Fitting short springs which retain the standard spring rate goes someway to help. Stiffer springs of standard length will also give a reduction in body roll, but any stiffening will reduce comfort. Another point to consider here is that the shorter suspension travel will reduce the wheels ability to follow undulations in the road surface, with a potential loss of tyre adhesion.

Lowering the front end will further increase understeer, but this time its a tyre problem. The energy that would otherwise make the car's body roll has to go somewhere and the tyres take the full rap. In extreme situations they will slip, allowing the front to run wide on bends. this calls for wider tyres (and preferably lower profile ones so that the sidewalls don't deflect as much) keeping the tread flat on the road. Alternatively, the increase in understeer can be countered by stiffening the rear suspension.

The transverse leaf spring cars can be lowered approximately half an inch (12mm) at the rear by fitting a de-cambered spring, otherwise a one inch (25mm) thick spacer block - machined for an exact fit - can be installed between the spring and the differential and this will produce a half degree of negative camber.

For normal road use, adding a front anti-roll bar (or a stiffer one if already fitted), will produce a similar effect to the shortened, stiffened springs. It increases stability by reducing cornering body-roll and especially the rebound roll experienced when driving rapidly through a succession of bends. Even better, the anti-roll bar only comes into play when you need it - when cornering - leaving straight line performance and comfort uncompromised.

Stiffness of the anti-roll bar has to be chosen carefully because it will effectively increase the overall spring rate and also tends to induce understeer. But this can be countered by fitting another anti-roll bar, or harder springs, to the rear axle to give an opposing oversteer. This front/rear balance can be fine tuned by changing the anti-roll bar link bushes for harder or softer material to increase or decrease their effects.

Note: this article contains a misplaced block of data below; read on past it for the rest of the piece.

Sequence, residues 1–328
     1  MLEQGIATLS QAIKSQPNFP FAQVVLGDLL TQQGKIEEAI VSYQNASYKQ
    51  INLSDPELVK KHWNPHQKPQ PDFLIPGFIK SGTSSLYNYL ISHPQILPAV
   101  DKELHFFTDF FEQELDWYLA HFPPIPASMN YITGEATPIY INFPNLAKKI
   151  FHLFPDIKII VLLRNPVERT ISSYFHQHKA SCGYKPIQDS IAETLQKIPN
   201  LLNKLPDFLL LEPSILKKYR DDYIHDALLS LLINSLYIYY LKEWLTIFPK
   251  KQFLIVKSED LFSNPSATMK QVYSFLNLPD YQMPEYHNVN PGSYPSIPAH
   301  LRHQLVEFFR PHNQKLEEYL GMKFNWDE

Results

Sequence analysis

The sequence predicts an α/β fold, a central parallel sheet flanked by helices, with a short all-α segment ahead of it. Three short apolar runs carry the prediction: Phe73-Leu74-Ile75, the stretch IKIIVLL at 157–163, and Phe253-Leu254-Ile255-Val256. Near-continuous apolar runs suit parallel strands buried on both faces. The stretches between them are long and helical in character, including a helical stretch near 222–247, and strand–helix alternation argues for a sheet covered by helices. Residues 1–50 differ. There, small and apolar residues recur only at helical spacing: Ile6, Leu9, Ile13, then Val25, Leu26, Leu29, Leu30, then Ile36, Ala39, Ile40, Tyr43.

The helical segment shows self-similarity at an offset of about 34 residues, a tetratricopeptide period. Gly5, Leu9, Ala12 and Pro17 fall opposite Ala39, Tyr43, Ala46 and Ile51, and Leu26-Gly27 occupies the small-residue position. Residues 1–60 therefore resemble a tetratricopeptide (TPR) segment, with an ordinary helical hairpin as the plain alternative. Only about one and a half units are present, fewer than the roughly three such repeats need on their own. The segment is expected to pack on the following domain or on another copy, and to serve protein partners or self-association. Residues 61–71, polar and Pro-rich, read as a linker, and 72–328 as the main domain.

Generally, it is advisable to install a rear anti-roll bar if the front one has been upgraded and/or the spring rate or height altered. A rear bar will produce a very marked improvement on the Vitesse, GT6 and Spitfire.

Adjustable dampers provide a quick and easy way to tune the suspension. Dampers only control the spring's rebound movement and not its initial movement when going over a bump or leaning into a bend, so ride quality need not be reduced for the sake of improved control.

Damping rates can also be adjusted to counter the effects of understeer and oversteer in the same way as spring rates, but an excessively high setting can overload the suspension and restrict its movement.

Uprated non-adjustable dampers should always be bought with matching springs.

Harder bushes reduce unwanted suspension movement during braking, acceleration and cornering, giving a tight feel and accurate feed-back to the driver. But the harder they are, the more road noise and shock they will transmit. Again the compromise is a personal choice.

Bushes are a particular problem on the rear suspension of the TR7 and Toledo/Dolomite range. Even new bushes can allow sudden, transverse movement of the rear-axle under hard cornering, so it is imperative to fit harder bushings to the rear radius arms.

Hard bushes will also help to eliminate rear axle torque-twist, which is prominent on Stags when changing gear under hard acceleration. This problem also occurs on the swing axle TRs and the 2000/2500 saloons and can also be reduced by fitting modified axle shafts such as those offered by Chris Witor, Monarch and others.

The large camber changes and castor characteristics of Triumph suspension systems were never designed to keep a wide, non-flexing tyre in contact with the road, so extensive modification is needed before fitting anything in excess of a 6J wheel width, and then, only for the race track.

Tyre pressures offer the last tweak in honing the handling. A lower pressure in the front tyres will give a slight increase in understeer, while in the rears it will promote oversteer - and vice versa. But keep tyre pressures within manufacturers limits.

Much of the Triumph's character is to be found in the way it handles. And whilst some serious modifications will change the car's personality, the elimination of vices can make driving more enjoyable - and even safer! The shortcomings have not gone unnoticed by the specialist suppliers who have put much effort into designing and testing new systems, components and modifications. The result is that all the parts are now available to make your Triumph handle exactly as you feel it should.

Article featured in August/September 1998 Triumph World magazine